38. Shri Gupta states that once others had been regularized, invidious discrimination to the applicants cannot be countenanced. It is stated that if departmental candidates are not eligible, they cannot be considered for appointment. This he refers to on the basis of DoP&T OM dated 3.10.1989 by stating that deputation is only an appointment outside the normal line and intra-departmental deputation is not permissible under rules. He refers to Appendix-V of FR 9(25) where appointment of serving Government employee is to be either made by promotion or by direct recruitment from open market candidates either on permanent or temporary basis, which cannot be nomenclatured as deputation.
39. Referring to the Jaipur Bench's decision of this Tribunal, it is stated that deputation though was an interim measure as 140 candidates were regularized is an understanding of the department and while examination be made of appointment and the process taken thereto by the respondents, it is only the substance and contents not the form, which is relevant.
40. On the other hand, learned Counsel for respondents Shri S. Rajappa vehemently opposed the contentions and at the outset stated that the decision of Calcutta Bench of the High Court is per incuriam where certain provisions of rules and instructions have not been taken into consideration. It is in this backdrop stated that as per the appointment letters issued to the applicants, the deputation was not on a permanent basis of other appointment and once tenure appointment on deputation has been accepted which is not permitted under the rules, thus the applicants have no indefeasible right to claim regular appointment on direct recruitment basis. As regularization was de hors the rules, show cause notices have been issued to the concerned.
41. Learned Counsel would contend that Board of Governors as a policy decision resorted to rectify the illegalities committed in the appointments, which is de hors the rules. As such, correction of an inadvertent error and invalid appointment against the rules vests no right in the applicants.
42. When ratio decidendi of Calcutta Bench in questioned and not adverting to the legal aspect of the matter, it: is stated that once the decision of Madhya Pradesh High Court is in conflict with the decision of the Calcutta High Court, the proper procedure, is to refer the matter to the Full Bench.
43. Learned Counsel has cited the decision of the Apex Court in A. Umarani v. Registrar, Cooperative Societies and Ors., , to contend that when regularization cannot be a mode of recruitment, an illegal appointment vests no right upon the applicants to stake their claim.
44. Smt. Rajappa, learned Counsel for the respondents, has also relied upon a decision of the Apex Court in Union of India and Anr. v. Moti Lal and Ors., , to contend that direct appointment to an exclusively promotional post even if continued for a considerable time does not vest right of regularization.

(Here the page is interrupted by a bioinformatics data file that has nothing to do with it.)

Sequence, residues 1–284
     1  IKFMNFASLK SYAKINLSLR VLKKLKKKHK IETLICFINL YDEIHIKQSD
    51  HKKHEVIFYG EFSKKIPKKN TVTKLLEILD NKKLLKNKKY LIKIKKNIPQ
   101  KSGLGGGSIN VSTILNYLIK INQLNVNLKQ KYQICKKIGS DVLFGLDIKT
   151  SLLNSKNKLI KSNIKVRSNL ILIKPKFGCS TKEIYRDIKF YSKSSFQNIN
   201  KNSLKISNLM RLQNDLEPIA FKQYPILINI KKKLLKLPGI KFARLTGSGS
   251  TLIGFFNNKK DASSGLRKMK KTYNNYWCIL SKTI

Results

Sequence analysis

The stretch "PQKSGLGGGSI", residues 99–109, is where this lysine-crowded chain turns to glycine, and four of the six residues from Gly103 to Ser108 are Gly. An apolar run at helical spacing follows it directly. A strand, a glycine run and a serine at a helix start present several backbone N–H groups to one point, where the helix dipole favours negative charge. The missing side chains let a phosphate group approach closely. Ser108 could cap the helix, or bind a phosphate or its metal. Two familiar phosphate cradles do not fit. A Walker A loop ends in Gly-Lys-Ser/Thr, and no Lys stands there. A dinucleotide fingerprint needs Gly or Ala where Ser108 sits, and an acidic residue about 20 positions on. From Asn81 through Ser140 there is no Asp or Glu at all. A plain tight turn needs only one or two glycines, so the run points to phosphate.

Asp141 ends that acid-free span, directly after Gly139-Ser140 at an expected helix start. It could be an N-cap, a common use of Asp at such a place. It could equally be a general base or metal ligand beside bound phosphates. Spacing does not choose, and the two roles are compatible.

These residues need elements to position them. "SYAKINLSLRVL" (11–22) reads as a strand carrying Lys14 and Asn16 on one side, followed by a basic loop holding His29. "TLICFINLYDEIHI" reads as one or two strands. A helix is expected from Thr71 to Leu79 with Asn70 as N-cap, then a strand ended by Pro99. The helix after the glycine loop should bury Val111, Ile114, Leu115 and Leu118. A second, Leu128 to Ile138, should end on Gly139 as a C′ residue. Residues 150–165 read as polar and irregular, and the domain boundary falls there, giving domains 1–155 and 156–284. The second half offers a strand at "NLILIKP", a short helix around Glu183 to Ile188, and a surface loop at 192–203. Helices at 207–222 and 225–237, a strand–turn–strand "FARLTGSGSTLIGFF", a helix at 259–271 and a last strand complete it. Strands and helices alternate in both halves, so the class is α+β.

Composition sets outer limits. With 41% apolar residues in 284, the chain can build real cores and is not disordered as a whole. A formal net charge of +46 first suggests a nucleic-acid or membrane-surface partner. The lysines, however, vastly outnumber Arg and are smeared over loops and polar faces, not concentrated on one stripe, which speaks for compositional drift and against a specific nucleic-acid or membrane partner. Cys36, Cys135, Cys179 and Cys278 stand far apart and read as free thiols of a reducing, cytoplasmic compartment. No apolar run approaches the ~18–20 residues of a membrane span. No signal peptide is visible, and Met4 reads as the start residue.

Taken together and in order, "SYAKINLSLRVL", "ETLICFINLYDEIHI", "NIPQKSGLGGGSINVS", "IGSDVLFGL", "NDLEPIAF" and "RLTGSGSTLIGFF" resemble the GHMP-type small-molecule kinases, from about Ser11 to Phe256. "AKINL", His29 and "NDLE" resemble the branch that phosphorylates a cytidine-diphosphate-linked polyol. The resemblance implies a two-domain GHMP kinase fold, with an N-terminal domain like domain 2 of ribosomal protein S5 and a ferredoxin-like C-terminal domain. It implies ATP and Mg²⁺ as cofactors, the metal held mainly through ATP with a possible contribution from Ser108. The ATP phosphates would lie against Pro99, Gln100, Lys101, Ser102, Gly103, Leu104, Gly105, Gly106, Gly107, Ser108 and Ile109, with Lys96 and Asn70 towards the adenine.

45. Shri Rajappa stated that the question whether the applicants were appointed on deputation on direct recruitment on promotion is to be adjudicated by this Tribunal.
46. Learned Counsel would contend that departure or deviation from the procedure laid down under the Rules is in fact infraction of the Rules. Adopting the reply field in. O.A. No. 2801/2004 and M.A. 2438/2004, learned Counsel states that KVS at no point of time appointed the applicants on regular basis as it is not permissible under the recruitments rules but yearly basis they had been continued on deputation and as the Commissioner, KVS had violated the rules bye-passing the requirement of recruitment rules, Board of Governors took a decision to correct the same. The Commissioner to the KVS had transgressed his powers and these corrective steps lead to the orders, which are legally sustainable. It is stated that had there been a direct recruitment and if this recruitment is treated as direct though he does not dispute availability of general candidates and emergent need to fill up the posts with persons from open market have been deprived of the continuance.
47. Regarding principle of natural justice is concerned, taking resort to doctrine of empty formality, it is stated that once no prejudice has been caused, observance of principle of natural justice would not ipso facto render. The order bad-in-law. Useless formalities theory is also propagated.
48. Referring to the powers of Board of Governors, it is stated that on a decision that Commissioner can appoint Principals on deputation basis only, the Commissioner had transgressed his powers which resulted in cancellation of appointments. It is stated that in the recruitment rules, there is no provision for regularization, which have been illegally done by the Commissioner. As regards promissory estoppel, it is stated that it does not apply against the statutory rules.
49. Learned Counsel would contend that Commissioner, who approves the quota for all the posts earmarked for general and other reserved categories, appointed Principals on deputation on regular basis, which is de hors the rules without following the due process of law. It is stated that in deputation reservation rules are not applicable when promotion quota of all categories of candidates have been utilized by the deputationists as the same is de hors the policy of reservations. Opportunity to the public at large had been denied.